Second, to disconnect the physical darkness of 1:2 from God “because darkness came to symbolize evil and sin is to confuse the symbol with the thing symbolized. It is like saying yeast is evil because it came to represent spiritual evil. The fact that a physical reality is used to represent something spiritual does not mean that every time this physical reality is mentioned, it must be representing that spiritual entity. Those who claim that darkness in Genesis 1:2 is evil have confused the spiritual symbol as used elsewhere with the physical reality in this passage” (Rooker, “Genesis 1:1–3 [part 2],” p. 422).

This could be used to defend my earlier suggestion that physical death is not evil  and, while it is still a consequence of sin, was part of the natural world before the fall.

And also:

My point was that initially I agree with you that the Bible was meant to be understood wihthout knowing any Hebrew or any Greek.

Thread is now irrelevant. ;)

 

Spock now at rest from science forum

That is highly illogical.  :mellow:  (<--spockface)
 
I completely understand your frustration. Don't say away too long, though.  I enjoyed your perspective.

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I love you Sheniy! (((((Big hug )))))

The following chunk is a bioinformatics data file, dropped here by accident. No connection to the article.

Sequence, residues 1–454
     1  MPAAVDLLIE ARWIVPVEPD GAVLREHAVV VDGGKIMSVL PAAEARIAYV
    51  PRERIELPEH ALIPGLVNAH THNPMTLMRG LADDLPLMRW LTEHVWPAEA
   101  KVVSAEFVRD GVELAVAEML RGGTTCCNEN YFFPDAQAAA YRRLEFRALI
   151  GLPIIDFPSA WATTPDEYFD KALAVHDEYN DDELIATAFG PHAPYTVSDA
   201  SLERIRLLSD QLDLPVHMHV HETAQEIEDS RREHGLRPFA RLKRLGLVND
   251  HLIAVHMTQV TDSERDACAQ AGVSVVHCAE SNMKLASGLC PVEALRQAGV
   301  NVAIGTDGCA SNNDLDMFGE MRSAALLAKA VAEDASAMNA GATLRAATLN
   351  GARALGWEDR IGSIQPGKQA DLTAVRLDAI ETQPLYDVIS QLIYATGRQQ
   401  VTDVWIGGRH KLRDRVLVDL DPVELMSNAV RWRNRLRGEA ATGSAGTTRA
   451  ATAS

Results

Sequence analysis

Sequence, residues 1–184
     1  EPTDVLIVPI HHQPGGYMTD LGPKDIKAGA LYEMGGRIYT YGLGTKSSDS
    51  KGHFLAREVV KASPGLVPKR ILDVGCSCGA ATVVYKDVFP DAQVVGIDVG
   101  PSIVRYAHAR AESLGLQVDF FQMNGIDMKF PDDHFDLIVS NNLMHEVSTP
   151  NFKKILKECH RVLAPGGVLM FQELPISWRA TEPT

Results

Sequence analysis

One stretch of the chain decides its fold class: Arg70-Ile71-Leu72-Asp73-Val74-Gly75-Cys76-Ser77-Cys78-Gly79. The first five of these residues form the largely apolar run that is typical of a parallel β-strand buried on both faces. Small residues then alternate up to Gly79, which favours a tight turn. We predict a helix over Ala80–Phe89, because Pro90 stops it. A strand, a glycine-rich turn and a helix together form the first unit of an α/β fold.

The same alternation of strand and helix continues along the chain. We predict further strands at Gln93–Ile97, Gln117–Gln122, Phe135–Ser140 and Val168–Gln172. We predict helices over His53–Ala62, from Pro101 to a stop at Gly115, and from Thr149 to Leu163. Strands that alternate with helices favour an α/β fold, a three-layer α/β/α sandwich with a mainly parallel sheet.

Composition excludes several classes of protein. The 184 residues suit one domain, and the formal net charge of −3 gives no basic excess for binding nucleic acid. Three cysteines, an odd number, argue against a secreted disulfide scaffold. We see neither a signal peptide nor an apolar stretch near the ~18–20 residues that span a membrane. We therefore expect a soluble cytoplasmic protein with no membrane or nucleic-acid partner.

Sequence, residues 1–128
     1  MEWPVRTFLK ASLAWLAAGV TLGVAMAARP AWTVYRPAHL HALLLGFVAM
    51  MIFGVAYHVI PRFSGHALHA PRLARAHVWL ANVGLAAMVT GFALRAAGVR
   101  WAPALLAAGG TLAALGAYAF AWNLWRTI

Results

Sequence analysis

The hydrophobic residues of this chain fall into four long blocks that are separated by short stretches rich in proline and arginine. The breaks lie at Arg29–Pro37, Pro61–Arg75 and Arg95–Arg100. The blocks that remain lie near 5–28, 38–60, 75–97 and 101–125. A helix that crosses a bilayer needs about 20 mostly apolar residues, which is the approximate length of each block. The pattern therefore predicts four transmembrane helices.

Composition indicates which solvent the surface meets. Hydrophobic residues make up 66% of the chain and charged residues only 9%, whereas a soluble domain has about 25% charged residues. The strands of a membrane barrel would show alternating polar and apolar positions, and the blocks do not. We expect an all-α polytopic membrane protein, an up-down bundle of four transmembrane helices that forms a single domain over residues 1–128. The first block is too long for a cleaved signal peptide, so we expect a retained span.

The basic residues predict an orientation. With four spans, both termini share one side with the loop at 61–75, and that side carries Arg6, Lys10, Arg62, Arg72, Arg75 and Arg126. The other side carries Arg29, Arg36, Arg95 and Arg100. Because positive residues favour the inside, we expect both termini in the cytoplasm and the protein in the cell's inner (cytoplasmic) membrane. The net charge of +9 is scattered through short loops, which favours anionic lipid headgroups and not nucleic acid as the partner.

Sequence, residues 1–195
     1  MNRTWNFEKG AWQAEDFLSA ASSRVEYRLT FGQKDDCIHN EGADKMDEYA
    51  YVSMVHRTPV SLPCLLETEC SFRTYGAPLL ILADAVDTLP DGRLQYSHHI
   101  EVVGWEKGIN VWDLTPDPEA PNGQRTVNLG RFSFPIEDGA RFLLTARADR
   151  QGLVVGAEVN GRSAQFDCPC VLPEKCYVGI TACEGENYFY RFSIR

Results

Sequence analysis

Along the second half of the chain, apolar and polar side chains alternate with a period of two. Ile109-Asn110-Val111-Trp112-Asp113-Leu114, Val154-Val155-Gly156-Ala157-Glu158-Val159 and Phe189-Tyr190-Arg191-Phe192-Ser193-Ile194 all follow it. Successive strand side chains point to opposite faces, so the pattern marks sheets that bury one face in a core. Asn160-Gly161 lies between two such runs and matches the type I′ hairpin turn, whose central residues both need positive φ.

Thanks euroclydon for that article. Tell Shiloh this is what I believe and if he wants to debate wah, let him debate Arthur Custance. Lol

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The purpose of this paper has been to examine and evaluate the gap theory and its supporting arguments. None of the supporting arguments for the gap theory can be consistently defended in Scripture. In fact, the supporting arguments are both exegetically and theologically myopic. Furthermore, its ruin and restored old earth premise is the result of an unwarranted geological concession. A problem for this flawed premise is that it requires an old earth with a history of death and destruction; and this history of death took place millions of years before the fall of Adam and the Edenic Curse. This is biblically inconsistent with God’s pronouncement of perfection in Genesis 1:31: “God saw all that He had made, and behold, it was very good.” In the final analysis, the gap theory, according to Douglas Kelly, “is not a fair and straightforward reading of Scripture, nor does it successfully reconcile the biblical picture of origins with ‘scientific’ naturalism. The ‘gap’ theory should serve as a model of what Christians should not do in their legitimate desire to speak Biblical truth into a world held in the tight grip of humanistic premises” (Kelly, p. 95).

AdamEveonmountainofboneseverythingisgood